The front door issues are the ones most focused on. For 2-factor authentication a client should have to present two or more disjoint pieces of information in order to gain access. Typically these should be two of “what they know” - a memorised PIN or password, “what they have” - some much larger piece of stored data, and “who they are” - a biometric.

Sometimes less rigorous consideration is given to the back door’s security. What about that smash-and-grab attack on the server that steals the credential database? And just how safe is the service’s enrolment process?

One obviously good idea is for the client to never just hand over their credentials to the server. It would clearly be better if the client could prove that they have possession of legitimate credentials, without actually handing them over, or indeed revealing anything about them. This apparently intractable problem has an elegant solution – it’s called a Zero-Knowledge Proof (ZKP) – and is a very useful piece of cryptographic magic. Any solution to the authentication problem should include some kind of ZKP.

Another piece of the solution is already in place. It is not hard for a server to prove its legitimacy if it uses the PKI (Public Key Infrastructure), as every major service does. To the client, this manifests as a URL starting with “https://”. In this case, the full URL is automatically checked by your browser for its legitimacy. So if you see with typically a padlock symbol next to it, you can be sure you have arrived at the right site.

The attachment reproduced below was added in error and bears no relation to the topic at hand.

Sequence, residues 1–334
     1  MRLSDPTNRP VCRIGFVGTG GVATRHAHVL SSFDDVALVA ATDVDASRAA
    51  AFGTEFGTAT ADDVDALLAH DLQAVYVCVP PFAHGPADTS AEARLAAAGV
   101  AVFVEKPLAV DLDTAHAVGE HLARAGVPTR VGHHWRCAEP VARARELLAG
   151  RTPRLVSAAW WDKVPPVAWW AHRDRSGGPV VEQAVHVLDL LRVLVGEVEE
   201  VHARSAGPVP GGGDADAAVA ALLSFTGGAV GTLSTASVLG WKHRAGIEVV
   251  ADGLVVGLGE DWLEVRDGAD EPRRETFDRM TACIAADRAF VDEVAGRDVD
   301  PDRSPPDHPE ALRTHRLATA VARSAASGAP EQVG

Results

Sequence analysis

On the other hand, one thing we can never completely protect against is client stupidity. They may go to the wrong place like and spend their money there. It’s not easy to stop them. They may tell you their password if you ask them nicely. They may let you log-in to their banking app. They may give their full credit card details over the phone. Wait a minute, I’ve actually done that…

Let’s look at enrolment. Security here depends on how client credentials are formed. As long as the client chooses their own credentials and sends the associated verifier up to the server, then there isn’t much of a problem. Problems only arise when a server needs to issue credentials to clients, as an agile attacker may try and steal them. For example, when my bank issues me with a new ATM card, they send the card by post, and an associated one-time PIN, also by post, a few days later. This is clearly good practise, and sets an attacker the two problems of intercepting two postal deliveries. We need to be just as careful in an Internet environment. For a recent example of an attack based on poor enrolment practises, see

To avoid credential stuffing (botnet), phishing, password spraying, man-in-the-middle and replay attacks without confusing end-users, consider our multi-factor PIN based solution, visit MIRACL for more details.

Dr Michael Scott is Chief Crypto Officer at MIRACL, one of the pioneers of Pairing-based Cryptography and the “S” in the widely used BLS and KSS families of elliptic curves. Following a distinguished career of almost 30 years at Dublin City University and an active consultant to both public and private sector, his unmatched depth in knowledge is drawn not only from his academic expertise - he’s published over 100 highly cited papers – but his genuine love of cryptography and the science behind this.